An extract from the CPD course at Durington High School – lots in here and I think it will help frame some of our work next year. Let me know what you think. Tim
Today we hosted the inaugural ‘Making every lesson count conference’ at Durrington. I started my presentation by outlining three things that were instrumental in the development of the book:
- A visit to my loft and a look through some of my wife’s old chemistry exercise books – from 1985 when she was taught by the legendary Mr Clarke. More on this here.
- Reading the books ‘An Ethic of Excellence’, ‘Bounce‘ and ‘Mindset’.
- Reading the Sutton Trust paper ‘What makes great teaching?‘
This, alongside much between discussion between myself and Andy about the day to day practice of some of the best teachers we have worked with, resulted in the development of the six principles that are the focus of the book:
This has become our teaching and learning policy at Durrington – it seems to work for a number of reasons.
“Tight but loose”
Robert Plant once attributed the success of Led Zeppelin to their ‘tight but loose’ approach. Tight, because they were all fantastic musicians in their own right, with a shared idea about the sound they wanted to create. Loose, because they were allowed to express themselves creatively as individuals.
We take the same approach with our teachers – the message is clear. Embed the 6 principles into your teaching, but do it in a way that suits your teaching style. Giving teachers this creativity and freedom has been liberating for them.
It has given us a common language when we talk about teaching. We know what we are talking about, when we talk about modelling, practice etc. This creates a rich discussion about pedagogy within and between subjects.
“Meaningful for all”
The principles apply to all subjects – so have meaning and purpose across the school. Whilst we will of course implement them differently across different subjects, the ideas and the thinking underlying them is the same. This means that we are all pulling in the same direction as teachers and because of this, students are getting a consistent approach across their lessons e.g. high levels of challenge; probing questions; time to engage with deliberate practice etc.
“Less is more”
I’ve written before about why Brazil is such a great footballing nation. One factor is that they play ‘futsal’. This is a much smaller version of the game – the ball is smaller, as is the pitch, goals etc. This requires the players to refine the basic skills of the game – so they focus on what matters. The six principles do the same i.e. they focus the professional learning of teachers on the things that contribute to great teaching. So during appraisal meetings for example, all teachers discuss which of the principles they want to focus on and develop.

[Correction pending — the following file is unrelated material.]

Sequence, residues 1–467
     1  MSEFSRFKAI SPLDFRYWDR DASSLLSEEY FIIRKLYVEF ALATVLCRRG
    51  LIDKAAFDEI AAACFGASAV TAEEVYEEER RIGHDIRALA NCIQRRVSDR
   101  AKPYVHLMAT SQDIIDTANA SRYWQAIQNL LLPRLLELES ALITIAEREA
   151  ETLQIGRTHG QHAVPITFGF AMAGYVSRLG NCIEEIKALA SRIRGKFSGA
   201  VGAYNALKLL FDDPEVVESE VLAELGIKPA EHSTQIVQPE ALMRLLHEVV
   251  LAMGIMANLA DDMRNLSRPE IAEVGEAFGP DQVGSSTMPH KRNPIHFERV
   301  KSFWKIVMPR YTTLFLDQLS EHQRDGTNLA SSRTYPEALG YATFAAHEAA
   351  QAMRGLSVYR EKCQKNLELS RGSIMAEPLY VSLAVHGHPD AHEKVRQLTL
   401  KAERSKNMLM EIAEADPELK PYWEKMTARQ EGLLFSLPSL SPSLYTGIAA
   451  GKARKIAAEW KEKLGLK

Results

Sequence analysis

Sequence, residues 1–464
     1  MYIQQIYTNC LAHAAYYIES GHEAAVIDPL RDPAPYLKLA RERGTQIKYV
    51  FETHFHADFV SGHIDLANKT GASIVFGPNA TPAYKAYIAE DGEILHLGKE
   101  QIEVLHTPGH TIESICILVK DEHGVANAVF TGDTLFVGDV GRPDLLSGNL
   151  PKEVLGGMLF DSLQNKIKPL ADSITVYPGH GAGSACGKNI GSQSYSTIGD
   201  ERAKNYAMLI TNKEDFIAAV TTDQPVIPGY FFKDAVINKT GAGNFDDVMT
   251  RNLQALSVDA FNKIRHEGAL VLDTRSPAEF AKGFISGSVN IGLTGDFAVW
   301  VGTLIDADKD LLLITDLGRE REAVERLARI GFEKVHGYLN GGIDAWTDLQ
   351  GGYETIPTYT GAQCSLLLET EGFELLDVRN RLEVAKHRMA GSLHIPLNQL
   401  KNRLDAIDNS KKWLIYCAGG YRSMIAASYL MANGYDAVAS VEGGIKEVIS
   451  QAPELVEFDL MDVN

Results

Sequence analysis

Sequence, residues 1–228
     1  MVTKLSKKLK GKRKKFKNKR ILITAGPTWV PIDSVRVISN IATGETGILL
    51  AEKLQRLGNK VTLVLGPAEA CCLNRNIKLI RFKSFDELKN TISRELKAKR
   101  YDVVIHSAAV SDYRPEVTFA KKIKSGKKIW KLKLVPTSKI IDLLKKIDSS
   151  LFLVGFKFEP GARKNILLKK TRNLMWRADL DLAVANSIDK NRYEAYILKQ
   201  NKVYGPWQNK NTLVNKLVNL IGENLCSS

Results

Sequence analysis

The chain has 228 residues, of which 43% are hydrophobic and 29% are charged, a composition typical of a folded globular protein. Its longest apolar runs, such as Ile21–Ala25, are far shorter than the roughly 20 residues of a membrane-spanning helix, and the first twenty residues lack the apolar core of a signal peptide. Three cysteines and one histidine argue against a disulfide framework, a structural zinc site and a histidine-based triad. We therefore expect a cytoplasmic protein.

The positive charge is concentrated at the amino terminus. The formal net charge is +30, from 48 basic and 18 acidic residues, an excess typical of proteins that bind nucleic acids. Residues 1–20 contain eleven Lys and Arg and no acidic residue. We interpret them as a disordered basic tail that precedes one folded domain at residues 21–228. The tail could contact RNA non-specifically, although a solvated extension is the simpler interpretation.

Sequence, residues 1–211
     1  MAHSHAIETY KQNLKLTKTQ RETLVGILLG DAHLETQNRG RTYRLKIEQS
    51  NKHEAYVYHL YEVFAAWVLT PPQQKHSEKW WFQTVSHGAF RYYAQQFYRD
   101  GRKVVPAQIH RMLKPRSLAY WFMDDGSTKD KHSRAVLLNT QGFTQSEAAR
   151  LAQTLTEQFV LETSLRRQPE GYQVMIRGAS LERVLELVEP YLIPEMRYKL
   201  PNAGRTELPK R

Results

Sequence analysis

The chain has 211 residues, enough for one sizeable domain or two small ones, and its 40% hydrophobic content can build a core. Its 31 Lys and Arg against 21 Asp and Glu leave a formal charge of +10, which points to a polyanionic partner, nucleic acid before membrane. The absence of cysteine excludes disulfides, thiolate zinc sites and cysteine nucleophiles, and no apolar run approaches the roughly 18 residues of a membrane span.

This leads on to the next aspect of the presentation. How do we structure the professional learning at Durrington, to allow teachers to grow and develop? What we try to achieve is a professional learning ‘menu’ that allows a culture like the one often described by Tim Brighouse to flourish:
We do this by offering a layered approach to professional learning.
There are a range of optional and regular activities, that staff can engage with at a level that suits them. This encourages staff to talk about teaching in an informal and collaborative way. Many of the activities e.g. 15 minute forums, blog of the week, research bulletins etc, will be based around the six principles.
Recently we are placing the focus of our professional learning, much more within the context of subjects – great teachers are great at teaching their subject. We have done this, this year with the ‘Subject Pedagogy Development Sessions’, which have been successful. However, next year we are planning to take this a stage further with the ‘Subject Planning & Development Sessions’. This will facilitate regular, subject focused CPD that will have a direct impact in the classroom throughout the year. We think this is going to be a key development in the next stage of our teaching and learning work.
Teachers are busy people, so need some support with organising personalised professional learning that is specific to their needs. Furthermore in a big school, if they want to develop an aspect of their teaching e.g. questioning, by observing a colleague, they might not know who to observe to see best practice in this area. So every term, they are given a form to complete to request support with planning a particular CPD activity. We then help them to organise this. The form looks like this:
Finally we try to ensure that there is a range of support/development programmes in place for colleagues in different stages of their career.
We are often asked how we know the ‘6 principle approach to teaching’ and our professional learning programme is making a difference? Like all things in education, it is very difficult to claim a direct link, as there are so many variables involved. However, the following suggests that something must be working:
- A sustained improvement in exam outcomes:
- Our whole school attendance is strong.
- We have been regularly oversubscribed in recent years – with cohorts of 330.
- We retain our new staff.
- Most importantly, our students show us in so many ways that they are confident, resilient, hard-working and very nice young people.
Andy then went on to discuss each of the six principles in detail:And finally, a new review on Amazon today sums up the spirit of the book perfectly!